So who runs the record labels now?

Stars like Jack White, and Kings of Leon, and many cult acts, are starting labels. Why? Are their signings better than those to traditional companies? Elisa Bray looks at the small print
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The Independent Culture

It was once the preserve of rock and pop giants, but now even members of newer indie-rock bands are trying their hand at starting their own record labels. It makes sense. You are in a successful rock band, you love music, and you have a sense of how the music industry works. Why not release music by new bands? It worked well for The Delgados, whose Chemikal Underground is the most successful example. Set up by the revered Glasgow indie band in 1994 to release their first single, husband and wife team Paul Savage and Emma Pollock went on to break many Scottish bands, including Mogwai and Arab Strap, and to release early demos by bands including Interpol.

Could indie bands fare better at the job than starry failed attempts before them? After all, Noel Gallagher's Sour Mash Records, launched in 2001, failed to take off with its releases from Shack and new band Proud Mary, as did George Michael's attempts to sell music online via his label, Aegean. Mariah Carey's Crave label lasted less than a year. Perhaps Lily Allen, the latest star rumoured to be launching a label, will buck the trend.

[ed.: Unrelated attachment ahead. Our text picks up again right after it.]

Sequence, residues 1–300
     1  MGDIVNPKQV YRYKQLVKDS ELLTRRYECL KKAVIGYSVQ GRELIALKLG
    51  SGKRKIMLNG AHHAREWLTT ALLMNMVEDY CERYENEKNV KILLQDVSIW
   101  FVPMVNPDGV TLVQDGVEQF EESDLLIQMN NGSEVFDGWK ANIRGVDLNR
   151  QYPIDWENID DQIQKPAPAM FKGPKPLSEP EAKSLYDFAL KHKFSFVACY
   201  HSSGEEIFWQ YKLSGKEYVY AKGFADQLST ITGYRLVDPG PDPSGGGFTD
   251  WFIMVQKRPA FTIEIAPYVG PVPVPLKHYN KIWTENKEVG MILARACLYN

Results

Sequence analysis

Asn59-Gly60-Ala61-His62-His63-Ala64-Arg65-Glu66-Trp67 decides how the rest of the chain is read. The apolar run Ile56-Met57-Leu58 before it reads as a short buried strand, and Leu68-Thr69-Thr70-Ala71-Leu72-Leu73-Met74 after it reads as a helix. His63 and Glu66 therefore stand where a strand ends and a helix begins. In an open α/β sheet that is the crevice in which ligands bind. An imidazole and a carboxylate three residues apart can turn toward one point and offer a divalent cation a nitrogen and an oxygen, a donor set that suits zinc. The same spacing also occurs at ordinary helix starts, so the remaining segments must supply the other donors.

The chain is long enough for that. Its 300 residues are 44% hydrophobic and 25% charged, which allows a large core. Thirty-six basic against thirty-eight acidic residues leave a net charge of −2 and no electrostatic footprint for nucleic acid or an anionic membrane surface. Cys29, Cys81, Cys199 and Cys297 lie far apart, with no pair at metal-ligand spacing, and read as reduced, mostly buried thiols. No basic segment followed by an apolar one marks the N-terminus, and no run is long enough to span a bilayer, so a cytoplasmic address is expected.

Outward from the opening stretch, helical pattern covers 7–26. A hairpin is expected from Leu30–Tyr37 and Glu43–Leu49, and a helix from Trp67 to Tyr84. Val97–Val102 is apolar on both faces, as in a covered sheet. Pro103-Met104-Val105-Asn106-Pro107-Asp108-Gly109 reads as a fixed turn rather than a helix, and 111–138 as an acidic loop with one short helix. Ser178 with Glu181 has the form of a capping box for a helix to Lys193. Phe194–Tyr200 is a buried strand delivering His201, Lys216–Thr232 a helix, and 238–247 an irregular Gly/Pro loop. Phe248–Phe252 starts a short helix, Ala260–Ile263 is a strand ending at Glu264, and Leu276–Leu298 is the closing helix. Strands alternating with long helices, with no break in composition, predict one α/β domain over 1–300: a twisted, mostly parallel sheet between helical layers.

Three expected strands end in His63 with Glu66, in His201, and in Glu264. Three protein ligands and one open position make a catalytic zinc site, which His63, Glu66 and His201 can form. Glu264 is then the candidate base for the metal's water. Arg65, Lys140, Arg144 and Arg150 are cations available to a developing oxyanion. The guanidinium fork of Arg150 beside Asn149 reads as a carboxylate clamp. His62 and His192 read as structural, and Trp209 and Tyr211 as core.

But record labels from less publicity-courting rock-band members look to be more promising, if recent and upcoming releases from labels set up by Jack White, Grizzly Bear's Chris Taylor, The Drums' Jacob Graham and Kings of Leon are anything to go by. For a start, look at the newest releases on Jack White's label Third Man Records, also home to his myriad of bands The White Stripes, The Raconteurs and The Dead Weather and the country-pop singer-songwriter and model, his wife Karen Elson. Founded in 2001, in Detroit, Third Man's newest discovery is Smoke Fairies, a female duo from Sussex whose intoxicating swirling blues-rock licks and haunting folk harmonies have already garnered much attention. With a single for sale on the Third Man Records site, White will put out their debut album later this year. It adds a certain cachet to a new band to be taken on by a label set up by a hip act, and both the new act and the music-buyer would hope that, with musicians behind the labels, making a quick buck is less on the agenda than with many major-label deals.